Financiers still favour Caribbean tourism despite inflation risk
No matter what happens with the international economy, it seems the sunshine and sea breezes of Caribbean tourism will always be attractive for investment.
It’s an industry that’s weathered the heaviest of storms, with natural disasters, economic shocks and even a global pandemic unable to shake confidence among institutional investors, high net worth individuals and family offices around the prospects of solid returns on Caribbean investment.
“Tourism is just a remarkable industry,” Baker Tilly Turks & Caicos Managing Director Gary Brough says.
“Before the pandemic, it was contributing around 10 to 11 per cent of global GDP.
“Everyone realised it was seriously hurt by the pandemic, but I don’t think many realise just how hard it was hit.
“There was a near US$5 trillion fall in contribution to global GDP, and the loss of 62 million jobs.
“It’s hard to come back from anything like that, but not only has it come back, it’s come back stronger and reinvented itself.”
Baker Tilly’s annual Caribbean Hospitality Financing Survey showed that while confidence levels dipped by around 10 per cent for both banks and non-bank financiers in 2023, as compared to last year, they remain historically high.
Confidence around future tourism numbers is similarly bullish, with the World Travel and Tourism Council predicting the sector to return to pre-COVID levels by the end of this year.
Caribbean real estate remains strong and investment dollars continue to flow, with half of non-bank respondents to the survey indicating their deal flow and pipeline is stronger now than before COVID, and further investments flagged for the next 12 months.
Mr Brough says one of the biggest drivers of confidence is the Caribbean’s proximity to the North American tourist market.
“North America is a huge feeder market and the Caribbean is considered a safe bet in many respects,” he says.
“It’s close, they know and understand it. Most destinations are English speaking, airlift is excellent and the Caribbean is generally considered safe.
“There are always things we can improve on as highlighted in our survey, but once a tourist is sitting on their balcony in the Caribbean sipping on a pina colada in the sunshine, they don’t tend to complain!.”
While Caribbean tourism has rebounded swiftly from its challenges, Mr Brough says that’s not to say things haven’t evolved, particularly since the pandemic.
“We’re very cognisant that things have changed,” he says. “COVID has changed the landscape forever, and if you didn’t learn anything during the pandemic, from a personal and professional perspective, you’re never going to learn anything.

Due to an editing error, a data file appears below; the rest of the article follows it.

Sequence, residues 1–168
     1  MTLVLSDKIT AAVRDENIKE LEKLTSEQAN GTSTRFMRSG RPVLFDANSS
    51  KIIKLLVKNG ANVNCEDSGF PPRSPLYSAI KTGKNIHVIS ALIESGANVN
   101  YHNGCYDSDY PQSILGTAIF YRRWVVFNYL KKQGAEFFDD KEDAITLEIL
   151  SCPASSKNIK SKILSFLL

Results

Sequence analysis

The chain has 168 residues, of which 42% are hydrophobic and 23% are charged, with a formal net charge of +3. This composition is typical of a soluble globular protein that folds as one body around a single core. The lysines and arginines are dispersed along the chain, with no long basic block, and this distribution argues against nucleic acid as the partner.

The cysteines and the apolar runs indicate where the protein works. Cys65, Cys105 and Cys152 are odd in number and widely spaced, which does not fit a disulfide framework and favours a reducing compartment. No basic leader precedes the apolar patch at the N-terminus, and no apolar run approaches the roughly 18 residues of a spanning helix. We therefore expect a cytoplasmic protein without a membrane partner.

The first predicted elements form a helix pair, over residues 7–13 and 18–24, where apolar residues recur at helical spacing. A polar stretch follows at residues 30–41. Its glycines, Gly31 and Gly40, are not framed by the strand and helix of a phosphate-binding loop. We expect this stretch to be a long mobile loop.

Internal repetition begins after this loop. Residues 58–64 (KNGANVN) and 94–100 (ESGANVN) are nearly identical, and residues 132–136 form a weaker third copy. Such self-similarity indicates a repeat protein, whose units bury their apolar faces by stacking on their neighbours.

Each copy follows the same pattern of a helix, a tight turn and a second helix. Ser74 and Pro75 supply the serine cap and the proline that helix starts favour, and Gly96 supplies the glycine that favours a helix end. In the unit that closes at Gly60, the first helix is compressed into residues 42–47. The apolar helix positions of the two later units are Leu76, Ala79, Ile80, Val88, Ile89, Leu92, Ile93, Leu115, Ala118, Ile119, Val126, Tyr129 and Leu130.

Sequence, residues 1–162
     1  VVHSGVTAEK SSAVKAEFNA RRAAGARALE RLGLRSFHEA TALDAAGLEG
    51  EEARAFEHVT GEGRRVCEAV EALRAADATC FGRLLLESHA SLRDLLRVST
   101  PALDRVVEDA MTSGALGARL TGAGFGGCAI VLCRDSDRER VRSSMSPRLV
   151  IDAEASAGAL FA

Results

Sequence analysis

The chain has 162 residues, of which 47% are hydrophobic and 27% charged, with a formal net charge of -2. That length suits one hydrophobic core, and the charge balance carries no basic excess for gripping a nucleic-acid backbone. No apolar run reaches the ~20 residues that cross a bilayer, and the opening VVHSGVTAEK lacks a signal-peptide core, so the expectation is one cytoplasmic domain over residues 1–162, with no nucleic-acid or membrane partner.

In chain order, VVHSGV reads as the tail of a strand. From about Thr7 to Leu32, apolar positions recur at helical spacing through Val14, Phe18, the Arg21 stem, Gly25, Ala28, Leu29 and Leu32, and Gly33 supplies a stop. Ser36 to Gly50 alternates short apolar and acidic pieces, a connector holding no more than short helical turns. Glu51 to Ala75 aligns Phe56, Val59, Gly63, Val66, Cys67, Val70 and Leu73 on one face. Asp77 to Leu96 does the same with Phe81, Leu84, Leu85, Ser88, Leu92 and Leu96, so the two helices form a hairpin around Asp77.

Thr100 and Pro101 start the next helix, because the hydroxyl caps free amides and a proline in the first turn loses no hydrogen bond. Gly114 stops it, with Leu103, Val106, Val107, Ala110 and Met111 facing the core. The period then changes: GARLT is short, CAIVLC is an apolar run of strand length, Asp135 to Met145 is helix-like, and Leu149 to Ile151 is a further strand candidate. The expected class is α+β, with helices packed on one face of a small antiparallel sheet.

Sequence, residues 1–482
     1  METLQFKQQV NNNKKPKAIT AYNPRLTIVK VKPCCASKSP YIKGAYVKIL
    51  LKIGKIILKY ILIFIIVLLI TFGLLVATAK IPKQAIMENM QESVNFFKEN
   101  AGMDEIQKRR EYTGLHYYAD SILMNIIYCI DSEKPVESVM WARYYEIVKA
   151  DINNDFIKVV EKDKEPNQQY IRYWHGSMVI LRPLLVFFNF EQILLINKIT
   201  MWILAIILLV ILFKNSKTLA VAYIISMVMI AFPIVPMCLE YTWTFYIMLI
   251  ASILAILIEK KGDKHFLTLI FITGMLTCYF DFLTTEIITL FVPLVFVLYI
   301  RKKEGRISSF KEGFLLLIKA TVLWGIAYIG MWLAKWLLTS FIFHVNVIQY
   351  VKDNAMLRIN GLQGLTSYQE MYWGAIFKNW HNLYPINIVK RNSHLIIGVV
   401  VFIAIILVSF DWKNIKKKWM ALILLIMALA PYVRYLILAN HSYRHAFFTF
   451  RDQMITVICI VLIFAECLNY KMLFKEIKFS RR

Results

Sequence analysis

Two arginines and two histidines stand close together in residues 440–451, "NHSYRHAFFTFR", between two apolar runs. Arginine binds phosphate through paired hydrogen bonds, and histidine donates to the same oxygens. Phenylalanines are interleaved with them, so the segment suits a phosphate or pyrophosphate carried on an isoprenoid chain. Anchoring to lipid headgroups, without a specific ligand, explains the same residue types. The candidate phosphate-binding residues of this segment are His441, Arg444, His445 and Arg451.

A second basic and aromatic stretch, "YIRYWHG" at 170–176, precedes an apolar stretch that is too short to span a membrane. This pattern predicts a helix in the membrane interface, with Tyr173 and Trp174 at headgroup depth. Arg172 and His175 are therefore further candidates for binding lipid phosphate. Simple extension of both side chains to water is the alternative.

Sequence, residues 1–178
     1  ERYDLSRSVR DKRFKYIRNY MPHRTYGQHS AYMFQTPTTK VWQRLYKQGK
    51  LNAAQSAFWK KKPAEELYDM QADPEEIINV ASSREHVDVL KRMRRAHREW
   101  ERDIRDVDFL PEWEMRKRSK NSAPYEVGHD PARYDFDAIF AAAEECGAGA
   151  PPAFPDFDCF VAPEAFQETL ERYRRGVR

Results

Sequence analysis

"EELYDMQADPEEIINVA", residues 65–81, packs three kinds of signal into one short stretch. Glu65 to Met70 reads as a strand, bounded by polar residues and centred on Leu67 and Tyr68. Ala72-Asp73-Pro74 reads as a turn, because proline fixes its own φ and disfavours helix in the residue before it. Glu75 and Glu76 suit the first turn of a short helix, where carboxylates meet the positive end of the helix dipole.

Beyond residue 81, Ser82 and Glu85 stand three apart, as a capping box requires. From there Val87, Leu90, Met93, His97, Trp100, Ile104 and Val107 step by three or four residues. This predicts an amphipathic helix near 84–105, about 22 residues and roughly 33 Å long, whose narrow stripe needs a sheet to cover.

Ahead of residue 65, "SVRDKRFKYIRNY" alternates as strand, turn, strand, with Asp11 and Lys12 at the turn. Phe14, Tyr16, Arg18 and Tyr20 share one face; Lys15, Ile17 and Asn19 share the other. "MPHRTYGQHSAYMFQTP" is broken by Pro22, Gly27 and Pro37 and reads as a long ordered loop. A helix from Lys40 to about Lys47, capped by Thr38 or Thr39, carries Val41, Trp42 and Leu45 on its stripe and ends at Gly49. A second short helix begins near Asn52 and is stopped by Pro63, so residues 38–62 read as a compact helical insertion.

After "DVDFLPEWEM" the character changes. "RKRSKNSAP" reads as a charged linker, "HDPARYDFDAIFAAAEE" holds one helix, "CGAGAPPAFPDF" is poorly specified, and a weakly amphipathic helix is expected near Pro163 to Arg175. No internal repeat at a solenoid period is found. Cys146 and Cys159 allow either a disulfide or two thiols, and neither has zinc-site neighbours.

“Tourism hasn’t come back with people saying ‘we went to a certain destination for the last 10 years, now we can go back to that same destination’.
“It’s more like ‘I’ve learned something about myself during the pandemic and I want to go somewhere which exhibits those new attributes that I personally value’.
Inflation, recessionary risks
Even as Caribbean tourism appears to be resilient, Mr Brough says global inflation may take a significant toll if it remains stubbornly high.
Mr Brough says inflation was first flagged as a possible headwind in 2022, with that pressure only being exacerbated in the following 12 months as rising prices and input costs became entrenched across all sectors of the global economy.
Just less than half (45 per cent) of banks and 26 per cent of non-banks say they are very concerned about inflation, while 36 per cent of banks and 68 per cent of non-banks are a little concerned.
The prospects of recession, however, are a smaller concern, according to the survey.
Nearly two thirds of banks (64 per cent) and non-banks (65 per cent) do not believe we are in a recession now, and do not expect one over the next 12 months.
Mr Brough says the prospect of banking contagion added to those concerns over the survey period, with inflation a contributory factor in the collapse of several high-profile banks in the United States and Europe, including Silicon Valley Bank.
“We have pretty much had a 30-year holiday from the serious ravages of inflation, so it certainly hasn’t been front of mind during that period,” he says.
“There’s some indication that we’re off our game a little bit in terms of how to deal with inflation, and that’s partly what’s affected confidence.
“For years it has been record level of confidence after record level but levels have come down 10 per cent this year for both banks and non-banks.
“It’s not earth shattering, but it’s consistent among both groups and we need to pay attention to it.”
To date, however, existing borrowers have not been hugely impacted by the higher interest rates put in place by central banks to curb inflation.
The Baker Tilly survey showed nearly three quarters (73 per cent) of established borrowers had taken the higher rates in their stride, with just 27 per cent having to restructure their loans.
“In 2015, most borrowers taking out a 20-year loan weren’t envisaging that they would be looking at high inflation in 2023,” Mr Brough says.
“I would have thought that category was most at risk because they still have to pay their loans off and under most agreements, interest rates reflect market conditions.
“At least with new loans, borrowers are entering into them with their eyes open, and starting with higher interest rates already in their projections.
“In the current environment you may think there won’t be too many offers of financing, but we are seeing financing being available across the Caribbean – the most likely deployment of those funds in the next 12 months is expected to be on renovations and refurbishments.”